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 Post subject: funny timings
PostPosted: Mon Jul 13, 2015 5:23 am 
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With all the odd timings FZ sticks in to a lot of tunes, I'll regularly let some tunes wash over me and think 'I enjoyed that', oblivious to the actual 'rhythm'.
I reckon I over-think it occasionally - echidnas arf for example. For years, I 'heard' the bit from 1.06 to 1.22 as some obscure (e.g. 5/8-7/8) beat, then a year or so back I 'heard' it as a sort of 3/4 boogie beat. Now I can't even remember how I used to hear it.
well, there you go... :roll:
TT

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 Post subject: Re: funny timings
PostPosted: Mon Jul 13, 2015 5:58 am 
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I remember eons ago, I was playing Toads of the Short Forest for a friend who was a jazz guitarist. He was my in his 20s as I was, but much more jazz oriented. This part came on:

FZ: At this very moment on stage we have drummer A playing in 7/8, drummer B playing in 3/4, the bass playing in 3/4, the organ playing in 5/8, the tambourine playing in 3/4, and the alto sax blowing his notes.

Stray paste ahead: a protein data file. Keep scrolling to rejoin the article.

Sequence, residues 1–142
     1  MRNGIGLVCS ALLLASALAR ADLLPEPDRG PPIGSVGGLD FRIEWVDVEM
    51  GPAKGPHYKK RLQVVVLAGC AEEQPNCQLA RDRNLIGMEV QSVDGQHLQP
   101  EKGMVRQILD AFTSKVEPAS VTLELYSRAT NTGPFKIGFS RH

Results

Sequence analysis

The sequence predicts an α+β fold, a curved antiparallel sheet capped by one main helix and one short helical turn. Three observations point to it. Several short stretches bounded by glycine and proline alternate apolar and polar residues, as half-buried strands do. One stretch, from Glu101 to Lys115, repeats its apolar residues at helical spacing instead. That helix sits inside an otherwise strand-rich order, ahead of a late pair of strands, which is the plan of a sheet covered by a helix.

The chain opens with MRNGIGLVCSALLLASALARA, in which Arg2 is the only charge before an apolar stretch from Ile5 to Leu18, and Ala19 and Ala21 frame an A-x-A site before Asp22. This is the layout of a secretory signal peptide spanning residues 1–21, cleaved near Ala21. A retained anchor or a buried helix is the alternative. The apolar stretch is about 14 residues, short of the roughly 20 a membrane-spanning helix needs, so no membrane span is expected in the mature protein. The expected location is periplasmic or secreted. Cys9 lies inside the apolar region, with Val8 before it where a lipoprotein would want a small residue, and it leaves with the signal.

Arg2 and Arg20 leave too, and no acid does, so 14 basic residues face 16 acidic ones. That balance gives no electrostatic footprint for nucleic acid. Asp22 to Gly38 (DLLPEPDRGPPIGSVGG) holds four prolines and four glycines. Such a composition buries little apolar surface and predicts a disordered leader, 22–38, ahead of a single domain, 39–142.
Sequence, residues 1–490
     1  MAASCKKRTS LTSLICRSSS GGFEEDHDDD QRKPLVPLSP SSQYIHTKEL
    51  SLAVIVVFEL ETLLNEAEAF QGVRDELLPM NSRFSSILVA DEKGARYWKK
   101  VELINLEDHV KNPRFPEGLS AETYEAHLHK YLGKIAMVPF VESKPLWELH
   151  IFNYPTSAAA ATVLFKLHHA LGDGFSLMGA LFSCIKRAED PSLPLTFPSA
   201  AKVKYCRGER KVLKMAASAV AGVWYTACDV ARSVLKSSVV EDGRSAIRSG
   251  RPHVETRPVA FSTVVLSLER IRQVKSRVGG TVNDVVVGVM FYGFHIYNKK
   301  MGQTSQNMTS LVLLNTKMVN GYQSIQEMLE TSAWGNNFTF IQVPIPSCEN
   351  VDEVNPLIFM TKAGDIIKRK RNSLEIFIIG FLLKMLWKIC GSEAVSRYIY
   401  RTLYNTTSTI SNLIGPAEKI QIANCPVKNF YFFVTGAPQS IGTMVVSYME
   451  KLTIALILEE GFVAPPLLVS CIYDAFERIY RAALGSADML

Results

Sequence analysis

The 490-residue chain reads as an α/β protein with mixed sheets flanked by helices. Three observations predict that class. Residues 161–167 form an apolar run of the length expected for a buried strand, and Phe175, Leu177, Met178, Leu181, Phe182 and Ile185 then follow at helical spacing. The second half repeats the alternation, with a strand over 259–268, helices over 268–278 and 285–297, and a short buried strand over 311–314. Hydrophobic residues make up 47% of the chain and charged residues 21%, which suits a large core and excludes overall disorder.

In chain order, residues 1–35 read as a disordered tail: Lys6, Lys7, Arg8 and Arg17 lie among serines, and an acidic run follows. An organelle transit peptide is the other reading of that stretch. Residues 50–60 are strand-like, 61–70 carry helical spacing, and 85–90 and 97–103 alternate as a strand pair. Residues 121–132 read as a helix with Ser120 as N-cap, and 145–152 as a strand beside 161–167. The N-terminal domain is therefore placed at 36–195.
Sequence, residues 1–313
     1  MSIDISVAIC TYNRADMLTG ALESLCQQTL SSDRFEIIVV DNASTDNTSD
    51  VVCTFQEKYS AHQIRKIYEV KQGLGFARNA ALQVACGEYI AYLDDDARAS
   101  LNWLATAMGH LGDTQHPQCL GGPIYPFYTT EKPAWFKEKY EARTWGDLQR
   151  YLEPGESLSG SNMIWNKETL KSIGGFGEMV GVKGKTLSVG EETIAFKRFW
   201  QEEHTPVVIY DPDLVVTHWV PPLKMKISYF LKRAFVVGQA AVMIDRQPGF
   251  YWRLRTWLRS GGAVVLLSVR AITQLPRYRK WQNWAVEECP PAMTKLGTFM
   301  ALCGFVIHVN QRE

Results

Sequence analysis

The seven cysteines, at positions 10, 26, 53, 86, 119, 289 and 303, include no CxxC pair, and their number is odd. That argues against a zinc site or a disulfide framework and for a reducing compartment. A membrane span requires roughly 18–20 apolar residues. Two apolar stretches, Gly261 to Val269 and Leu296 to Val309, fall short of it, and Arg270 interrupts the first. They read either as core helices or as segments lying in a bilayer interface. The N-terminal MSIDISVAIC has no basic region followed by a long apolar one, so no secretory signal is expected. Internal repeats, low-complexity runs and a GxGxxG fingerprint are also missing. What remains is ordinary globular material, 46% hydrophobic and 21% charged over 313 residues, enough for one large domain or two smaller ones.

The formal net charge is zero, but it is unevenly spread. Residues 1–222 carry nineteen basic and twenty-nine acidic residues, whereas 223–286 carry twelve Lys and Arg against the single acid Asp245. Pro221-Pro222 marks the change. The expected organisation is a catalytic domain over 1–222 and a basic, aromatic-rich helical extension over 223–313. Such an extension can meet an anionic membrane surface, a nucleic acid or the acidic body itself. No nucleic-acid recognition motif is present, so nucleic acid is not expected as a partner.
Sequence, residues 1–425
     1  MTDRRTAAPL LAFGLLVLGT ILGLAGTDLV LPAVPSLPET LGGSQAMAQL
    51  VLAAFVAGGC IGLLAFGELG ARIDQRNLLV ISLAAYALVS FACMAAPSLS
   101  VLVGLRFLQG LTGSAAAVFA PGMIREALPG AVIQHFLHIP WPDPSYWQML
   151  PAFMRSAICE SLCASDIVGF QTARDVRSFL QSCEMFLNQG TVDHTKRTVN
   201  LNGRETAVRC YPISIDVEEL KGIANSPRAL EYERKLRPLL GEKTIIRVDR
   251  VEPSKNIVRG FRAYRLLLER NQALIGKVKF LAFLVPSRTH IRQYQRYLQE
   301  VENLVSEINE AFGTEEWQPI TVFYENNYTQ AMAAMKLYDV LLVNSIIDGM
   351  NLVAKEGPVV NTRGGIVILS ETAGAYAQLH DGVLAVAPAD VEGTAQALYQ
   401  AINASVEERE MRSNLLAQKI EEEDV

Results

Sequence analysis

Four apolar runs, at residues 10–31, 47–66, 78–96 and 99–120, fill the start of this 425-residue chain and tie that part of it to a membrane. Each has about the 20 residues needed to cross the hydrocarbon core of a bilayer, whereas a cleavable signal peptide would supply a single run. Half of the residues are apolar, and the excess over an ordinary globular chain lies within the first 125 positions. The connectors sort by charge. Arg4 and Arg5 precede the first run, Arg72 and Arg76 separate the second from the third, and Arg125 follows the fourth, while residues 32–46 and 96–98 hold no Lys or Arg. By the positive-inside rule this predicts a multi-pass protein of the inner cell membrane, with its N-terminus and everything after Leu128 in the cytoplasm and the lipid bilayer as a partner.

I thought it was awesome that FZ was playing around with combinations of time signatures, but my friend's concern was "Where was the One?". Not to be funky with the One like Parliament, but just a general concern that the group would rarely hit the one and be "together". He calculated off the top of his head that it was around every 70 measure or so, but right now I'm not sure if measures would be the correct unit... lessee, now off the top of my head I'm thinking that it only matters in terms of 8th notes...

5 x 6 x 7 = 210 8th notes... so the band would meet up every 210 8th notes?
As a result, 210 / 5... the organ would meet them for every 42 of his measures
210 / 6... the 3/4 players would meet everyone for every 35 of his measures
210 / 7... the drummer A would meet everyone for every 30 of his measures

Anyone wanna confirm that for me, I'm way outta practice! :)

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 Post subject: Re: funny timings